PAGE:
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2 CHAPTER 6. THE HUMAN AUDITORY AND VISUAL SYSTEMS A great deal is known about the structure and function of the human auditory and visual systems In

Chapter 6 The Human Auditory and Visual Systems In this chapter, some basic properties of the human auditory and visual systems are discussed. Understanding properties of human perception can help in designing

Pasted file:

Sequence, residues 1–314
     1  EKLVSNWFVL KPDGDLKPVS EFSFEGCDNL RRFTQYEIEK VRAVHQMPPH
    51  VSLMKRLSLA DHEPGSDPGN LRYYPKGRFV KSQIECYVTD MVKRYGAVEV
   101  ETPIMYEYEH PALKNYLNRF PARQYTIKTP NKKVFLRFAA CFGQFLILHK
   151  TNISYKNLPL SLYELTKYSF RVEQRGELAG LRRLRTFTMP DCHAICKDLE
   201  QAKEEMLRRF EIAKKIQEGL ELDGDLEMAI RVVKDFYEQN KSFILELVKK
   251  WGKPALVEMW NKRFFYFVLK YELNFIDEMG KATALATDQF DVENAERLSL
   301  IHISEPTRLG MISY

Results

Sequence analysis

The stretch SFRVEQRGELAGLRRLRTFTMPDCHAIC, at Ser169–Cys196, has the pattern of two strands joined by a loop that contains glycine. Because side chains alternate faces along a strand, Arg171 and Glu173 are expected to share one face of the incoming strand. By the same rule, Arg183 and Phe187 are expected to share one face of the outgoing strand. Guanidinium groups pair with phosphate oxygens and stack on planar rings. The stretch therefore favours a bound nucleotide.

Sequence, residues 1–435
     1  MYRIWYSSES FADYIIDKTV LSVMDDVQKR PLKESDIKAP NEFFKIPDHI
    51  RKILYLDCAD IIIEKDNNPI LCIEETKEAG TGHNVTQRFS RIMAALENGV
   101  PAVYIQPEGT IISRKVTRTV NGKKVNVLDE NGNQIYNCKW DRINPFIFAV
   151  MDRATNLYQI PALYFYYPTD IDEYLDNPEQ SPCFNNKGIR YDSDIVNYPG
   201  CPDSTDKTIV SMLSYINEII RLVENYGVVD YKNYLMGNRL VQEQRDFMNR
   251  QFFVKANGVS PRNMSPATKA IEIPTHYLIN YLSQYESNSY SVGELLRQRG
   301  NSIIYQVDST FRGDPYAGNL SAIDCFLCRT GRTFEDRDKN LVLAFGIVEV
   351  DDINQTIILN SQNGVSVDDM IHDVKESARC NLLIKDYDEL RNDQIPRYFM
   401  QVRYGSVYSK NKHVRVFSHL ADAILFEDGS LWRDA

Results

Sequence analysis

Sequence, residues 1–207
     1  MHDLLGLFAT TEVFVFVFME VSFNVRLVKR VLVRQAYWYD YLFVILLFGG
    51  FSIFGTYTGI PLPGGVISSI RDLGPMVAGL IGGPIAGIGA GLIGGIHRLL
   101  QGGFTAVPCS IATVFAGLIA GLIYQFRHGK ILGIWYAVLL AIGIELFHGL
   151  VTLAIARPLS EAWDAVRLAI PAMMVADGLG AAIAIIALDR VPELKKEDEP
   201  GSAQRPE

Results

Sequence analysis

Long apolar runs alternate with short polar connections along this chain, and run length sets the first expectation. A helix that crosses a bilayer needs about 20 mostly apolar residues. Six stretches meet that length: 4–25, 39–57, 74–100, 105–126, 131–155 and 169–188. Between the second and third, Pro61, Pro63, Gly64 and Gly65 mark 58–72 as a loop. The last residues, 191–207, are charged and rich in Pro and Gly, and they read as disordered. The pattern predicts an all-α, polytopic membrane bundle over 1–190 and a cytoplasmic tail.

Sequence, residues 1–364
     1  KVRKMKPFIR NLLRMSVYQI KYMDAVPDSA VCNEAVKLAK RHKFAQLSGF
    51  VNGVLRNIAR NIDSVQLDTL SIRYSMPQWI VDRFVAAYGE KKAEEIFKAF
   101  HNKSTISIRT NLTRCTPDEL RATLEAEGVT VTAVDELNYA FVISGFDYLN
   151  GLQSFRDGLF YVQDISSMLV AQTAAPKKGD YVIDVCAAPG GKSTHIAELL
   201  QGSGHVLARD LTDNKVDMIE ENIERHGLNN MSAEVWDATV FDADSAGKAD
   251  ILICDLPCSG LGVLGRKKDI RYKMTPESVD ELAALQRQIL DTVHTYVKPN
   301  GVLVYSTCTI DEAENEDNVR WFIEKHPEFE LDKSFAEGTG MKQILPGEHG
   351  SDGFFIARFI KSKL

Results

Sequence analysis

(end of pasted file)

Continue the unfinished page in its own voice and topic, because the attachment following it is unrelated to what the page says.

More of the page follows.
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Chapter 6 The Human Auditory and Visual Systems In this chapter, some basic properties of the human auditory and visual systems are discussed. Understanding properties of human perception can help in designing algorithms and devices where either the end user is a human or even when there is a human somewhere in the loop. Many systems dealing with some aspect of multimedia fall into this category for example television, computer monitors, CD players, telephones, digital cameras, other imaging technologies (for medicine, surveillance, etc.), printing technology, and the internet. With a human as the ultimate user of the data processed by these systems, the technology can be tailored to suit the capabilities and limitations of humans. There is a second way in which understanding properties of human, or more generally, biological systems can help in designing engineering systems. For systems whose goals are similar to tasks carried out by biological systems, it is natural to consider biologically-inspired engineering designs. This is particularly true in trying to design intelligent systems where the tasks are extremely difficult and relatively little is understood about how best to proceed. Such areas include, speech, image, and video analysis, learning and adaptation, pattern recognition, and intelligent control. For intelligent systems, the main difficulty is usually not how todesigninterfaces with humans. On the contrary, the goal of such systems is often to specifically avoid human intervention. The main difficulty is simply figuring out what to do with the available data to carry out the desired task. Understanding how biological systems function can be an extremely valuable guide in these cases. In fact, one common school of thought is that the best way tomake progress in intelligent systems is to understand and mimic the most intelligent systems known, namely humans. Λ cfl1999, 2000, 2001 by Sanjeev R. Kulkarni. All rights reserved. Please do not distribute without permission of author. y Lecture Notes for ELE201 Introduction to Electrical Signals and Systems. z Thanks to Richard Radke for producing the figures. 1 2 CHAPTER 6. THE HUMAN AUDITORY AND VISUAL SYSTEMS A great deal is known about the structure and function of the human auditory and visual systems In the following sections, only a very brief account of some properties most relevant to us are discussed. 6.1 The Human Ear The human ear consists of three main components called the external (or outer) ear, the middle ear, and the inner ear. The external ear consists of the pinna (the visible flesh we informally called the ear), the outer ear canal, and the eardrum (or tympanic membrane). See Figure XX. The external ear gathers sound (variations in air pressure), carries them through the outer ear canal, and to the eardrum, which separates the outer ear from the middle ear. The middle ear consists of three small bones call the malleus (hammer), incus (anvil), and stapes (stirrup). These convert minute vibrations of the eardrum into amplified movements of the stapes. This in turn causes motion of fluid in the inner ear. The inner ear consists of a fluid-filled spiral structure with about 2 1/2 turns that is separated into three compartments called the scala tympani (tympanic canal), scala vestibuli (vestibular canal), and the scala media (cochlear duct). The floor of the cochlear duct is the basilar membrane that holds the organ of Corti. The organ of Corti consists of an intricate network of hair cells and supporting cells. The hair cells convert the mechanical signal of fluid motion into an electrical signal. The cochlea seem to have frequency selectivity. That is, different parts of the cochlea respond to different frequencies in the original air pressure variations (which in turn correspond to different frequencies of the sound). If the cochlea was unwound, the portion connected to the middle ear is stiffer and responds to higher frequencies, while the other end is more flexible and responds to lower frequencies. Exactly how this is done is not well understood, but remarkably the human ear is effectively doing a type of Fourier transform! 6.2 Properties of the Auditory System Various properties of the auditory system are important in the design of technology dealing with sound. Frequency Range Humans are sensitive to frequencies in range of about 15 Hz to 20,000 Hz. Actually, these are somewhat optimistic figures and many people (especially as they age)have a range smaller than this, perhaps more like 20 Hz to 16,000 Hz. This frequency range immediately impacts design choices such as the sampling rate in digital audio. For example, we know thattoavoid aliasing, we should sample at a rate faster than twice the highest frequency present in the signal. Although, many sounds may have frequencies higher than 20,000 Hz, we can first remove these frequencies without altering the perceptual 6.2. PROPERTIES OF THE AUDITORY SYSTEM 3 quality ofthesoundtohumans (by filtering as discussed later in Chapter XX). Then, the highest frequency will be 20,000 Hz. In this case, sampling faster than 40,000 Hz will retain all the information necessary to fully reconstruct the filtered signal. The sampling frequency of digital audio is typically 44,100 Hz, which was chosen with human perceptual properties in mind. Oversampling (that is, choosing a frequency larger than the Nyquist rate)not only provides a buffer, but also simplifies processing in reconstructing an analog signal from samples. Frequency Discrimination This refers to the ability to distinguish sounds at two different frequencies. The discrimination ability of humans is about 3 or 4 Hz for sounds with frequencies between 15 Hz and 2,000 Hz. Above 2,000 Hz, the change in frequency needed for discrimination is about 0.3 % of the frequency of the sound. So for a sounds near 10,000 Hz, the frequencies would have to differ by about(0:003 10; 000)= 30 Hz to be distinguishable. This gives about 600 distinguishable frequencies in the range of 15 Hz to 2,000 Hz, and about 720 distinguishable frequencies between 2,000 Hz and 16,000 Hz. Thus, humans can distinguish over 1,300 frequencies. Sensitivity This refers to the weakest signal that is just audible at agiven frequency. A standard way to measure sensitivity iswithrespecttoaintensity of a reference signal. Humans are most sensitive to sounds in the frequency range between 1,000 Hz and 3,000 Hz. If we let P r denote the intensity of the weakest signal in this range, then we can measure the sensitivity at other frequencies with respect to P r. Because the dynamic range is so huge, it is standard to compare intensities to P r on a logarithmic scale. That is, we define the intensity ofp t in decibels (or db)as intensity ofp t in db = 20 log10 P t P r By definition, P r is at 0 db, and physically this corresponds to about 0: of atmospheric pressure. (Atmospheric pressure is about 14.7 pounds per square inch.) We can plot the just audible intensity as a function of frequency as shown in Figure XX. Every 20 db corresponds to a factor of 10 in signal amplitude. From the figure we can see that the sensitivityofhuman hearing varies by several orders of magnitude as a function of frequency. Amplitude Discrimination This refers to the ability to distinguish changes in amplitude. Regardless of the level, humans can generally detect about a 3 db change in intensity. However, since db measures the log of the ratio of intensity with respect to the reference intensity, we need about the same proportional change in intensity to be able to just detect the change (rather than the same additive change in intensity). Specifically, for a given intensity, 4 CHAPTER 6. THE HUMAN AUDITORY AND VISUAL SYSTEMS the just-noticeable new intensity satisfies 20 log10 just noticeable new intensity intensity =3dB Therefore, so that log10 just noticeable new intensity intensity =0:15 just noticeable new intensity ß 1:4 intensity Equivalently, we can write just noticeable change in intensity intensity =0:4 This type of relationship (that the just-noticeable change divided by intensity being constant)is quite common in perceptual phenomena and is often referred to as Weber's Law or the Weber-Fechner Law. Amplitude Range This refers to the loudest sound we can hear without pain compared with the weakest detectable sound (which has intensity P r ). The amplitude range is about 120 db. This means that the loudest sound (without pain)is about 10 6 times the intensity ofp r, which isahuge dynamic range. 6.3 The Human Eye Light enters through the lens and falls on the retina. Receptors in the retina are sensitive to light of wavelengths approximately nm, and can operate over roughly 10 orders of magnitude in illumination, which is a remarkable dynamic range. There are two types of photoreceptors in the human retina: rods and cones. The rods are long and thin and are primarily responsible for scotopic vision, which refers to visual capabilities in low illumination levels. The cones are shorter and thicker than the rods and are responsible for photopic vision, vision in high illumination levels. The cones are also responsible for color vision, which is discussed further in Section 6.6. The rods and cones are connected to various types of other cells which join to form the optic nerve that connects to higher brain centers. 6.4 Luminance Versus Brightness Clearly the brightness perceived at a point is related to the amount of light falling on the receptors corresponding to that point. However, it turns out the perceived brightness at a point is also a function of the brightness of neighboring points. Thus a distinction needs to be made between our perception 6.4. LUMINANCE VERSUS BRIGHTNESS 5 of brightness, which is a subjective quantity, and the actual energy incident on the receptors at a point and the resulting response of the receptors, which can be precisely defined. Although the retina is spherical and there are not receptors at every point on the retina, for simplicity a point on the retina will be denoted by (x; y)and we will talk about the energy falling on a small retinal patch at (x; y). The energy which falls on a retinal patch at a given point is normally light which has been reflected off of some object patch in the visual scene. This energy is a function of a number of quantities such as the amount of light falling on the object patch, the reflectivity and geometry of the object patch, the amount of light collected by the optical system (namely the eye), etc. The energy falling on a retinal patch at(x; y)is called the irradiance and will be denoted E(x; y). The irradiance evokes a response in the receptors in the retinal patch, and the response is called the luminance at (x; y), denoted I(x; y). The receptors respond differently to light at different wavelengths. The response can be be characterized by a function of wavelength V ( ) which is called the luminous efficiency function. The luminance at (x; y)is given by I(x; y) = Z 1 E(x; y; )V ( )d 0 where E(x; y; )is now the irradiance at wavelength. From the expression above, we see that the luminance at a point is independent of the luminance at surrounding points. On the other hand, there are two standard phenomena which show that the perceived brightness (or apparent brightness, or simply brightness)at a point depends not only on the luminance at that point, but also on the luminance at neighboring points. These phenomena are called Mach bands and simultaneous contrast, and they illustrate nicely the difference between luminance and brightness. Figure 6.1: Simultaneous contrast. Figure 6.1 illustrates the simultaneous contrast phenomenon. The two inner squares have the same luminance but the one on the right appears brighter. This illustrates the fact that our perception of brightness depends on luminance contrasts as well as absolute luminance values. Let I0 be the luminance of object, and let I s = I0 + I be the luminance of surround which resultsina 6 CHAPTER 6. THE HUMAN AUDITORY AND VISUAL SYSTEMS just-noticeable difference in intensity. Weber's Law states that For just noticeable differences j Ij I0 = constant I I ß d(log I) =constant Thus, the change in intensity required for a just-noticeable change in contrast depends logarithmically on the ambient intensity level. Figure 6.2: Mach bands. Figure 6.2 illustrates the Mach bands phenomenon. Each band has constant luminance, but one perceives overshoots and undershoots in brightness in the neighborhood of the band boundaries. This phenomenon can be explained by the on-center off-surround or lateral inhibition of visual system. 6.5 Spatial and Temporal Properties Acuity refers to the ability of the eye to detect fine spatial detail. The response of the visual system to sinusoids has been extensively studied. The ability to resolve spatial detail depends not only on the actual physical dimensions of the object being viewed, but also on the distance of the object to the observer. The important quantity is the angle over which the object extends as measured from the eye i.e. the physical dimension of the detail per degree. That the response of the human visual system to sinusoidal patterns is greatest for approximately 3-10 cycles/degree. 6.6. COLOR PERCEPTION AND REPRESENTATION 7 Bloch's Law Light flashes of different duration but same energy are indistinguishable for durations less than approximately 30 ms for moderate light levels. This duration is somewhat larger when eye is adapted to low light levels. Critical Fusion Frequency A light flashing at a rate faster than a certain rate called the Critical Fusion Frequency (CCF) is indistinguishable from a steady light ofsameaverage intensity. The CCF is generally around Hz. This has implications on refresh rates required in image display devices, such as televisions or computer monitors, to prevent flickering. 6.6 Color Perception and Representation Most of the work done in image processing deals only with gray-level images. However, color is becoming increasingly important inimage processing and it is worthwhile to know the basics of color for several reasons. The development of new technology in sensors, display, and printing is making the use of color more widespread. In some applications color can be a powerful cue for various image analysis tasks such as edge detection and image segmentation. Another important area is the use of pseudo-color for the enhancement of gray scale images. Gray levels can be mapped to different colors in order to bring out or emphasize particular features. Monochromatic light refers to light of a single wavelength. Chromatic or colored light refers to light which has energy distributed at various wavelengths. To completely specify a chromatic light source, one needs to specify the energy distribution as a function of wavelength, which is referred to as the spectral characteristics or the spectral distribution of the light. However, we know that we can get all colors by combining three primary colors red (R), green (G), and blue (B). If the primary colors are modeled as monochromatic light sources at three differentwavelengths (corresponding to R, G, B), then mixing colors would still only allow light with energy at these three wavelengths. How is it possible to generate all colors by combining different levels of R, G, B since we certainly can't generate all spectral distributions this way? The reason is that there are only three different types of cones which are responsible for color perception. The three cones have different absorption spectra S1( );S2( );S3( )which are shown in Figure 6.3. The absorption spectrum S3( ) peaks in the blue region of the spectrum and so corresponds to B, S2( )corresponds to G, and S1( )corresponds to R (although its absorption spectrum actually peaks in the yellow-green region of the spectrum). Given any spectral distribution of light, C( ), the color sensation produced depends only on the spectral responses of each the three types of R cones. The response of the i-th receptor (i =1; 2; 3)can be written as ff i (C) = S i ( ) C( ) d. Any light sources that give the same responses ff i for each of the three receptors will be perceived to be identical, even though the actual spectral distributions of the light sources might be different. 8 CHAPTER 6. THE HUMAN AUDITORY AND VISUAL SYSTEMS Figure 6.3: Absorption spectra of human cones. Color Matching and Reproduction Given three light sources, how canwe match or reproduce arbitrary colors? Let P1( );P2( );P3( ) be three sources called primary sources. We want to match a color C( )using a combination of these three sources. That is we want to find constants fi k such that 3X fi k P k ( ) is perceived to be the same color as C( ). From our discussion above, we only require that the responses of each of the three receptors be the same. Therefore, we want ff i (C) = = = Z 3 X # fi k P k ( ) S i ( )d 3X Z fi k S i ( )P k ( )d ) 3X fi k a i;k where a i;k is the response of R the i-th receptor type to the k-th primary light source. Recall that ff i (C) = S i ( )C( )d is the response of the i-th receptor to the source C( ). In matrix form, we have 2 4 a 11 a12 a13 a21 a22 a23 a31 a32 a fi 1 fi2 fi = 4 ff 1(C) ff2(c) ff3(c) Thus, μ fi = A 1 μff(c)where A 1 is the inverse of the matrix A =[a i;k ]. Formally this gives us the solution to our original question. To reproduce the color C( ) we use the k-th primary source with intensity fi k. However, note that 3 5 6.6. COLOR PERCEPTION AND REPRESENTATION 9 for some colors C( )the formal solution may result in negative fi k. In this case, it means that with the sources P1;P2;P3 we cannot physically generate colors with negative fi k 's. It would be nice to find three primary sources for which all colors are producible i.e., result in positive fi k. However, there is no known set of such primary sources. Two natural attempts at selecting primaries which will allow the reproduction of all colors are (1)let P i ( ) =S i ( )or (2)Define P 0 s by requiring the fi0 s to equal ff i i (C)In the first case, it can be shown that for some colors at least one of the fi k will be negative. In the second case, it can be shown that the P i ( )are not physically realizable since at least one of the P i ( ) will be negative for some. One can attempt to implicitly define a set of primaries such that the fi k are always positive, but again the resulting primary sources will not be physically realizable. Thus, one has to settle for a set primary sources which allow reproducing a sufficiently rich set of colors. The set of colors producible by a set of primaries is called the gamut of the primary sources. The fi k can be thought of as a representation for a color C( ) in terms of primaries P1( );P2( );P3( ). One common standard set of primary sources is the C.I.E. (International Commitee on Color Staandards)standard primary sources in which thep i ( )consist of monochromatic sources corresponding to R, G, and B. Specifically, the sources are P i ( ) =ffi( i )where i =700 nm (R), 2=546.1 nm (G), and 3=435.8 nm (B). Often, rather than using the fi k directly to represent colors, the primary sources are calibrated against a reference white light source W ( ). In this case, a color C( )can be represented by the normalized values T k (C) = fi k w k where w k is the amount of the k-th primary needed to match the reference white light source W ( ). These normalized values are called the tristimulus values of the color C( ). Chromaticity Diagram Another alternative representation that is commonly used are the chromaticities of a color which are defined by t k = T k T1 + T2 + T3 However, note that t1 + t2 + t3 = 1, so that only two of the chromaticities are independent. To get a complete representation of the color, two of the chromaticites need to be augmented with another parameter. This third parameter is the lum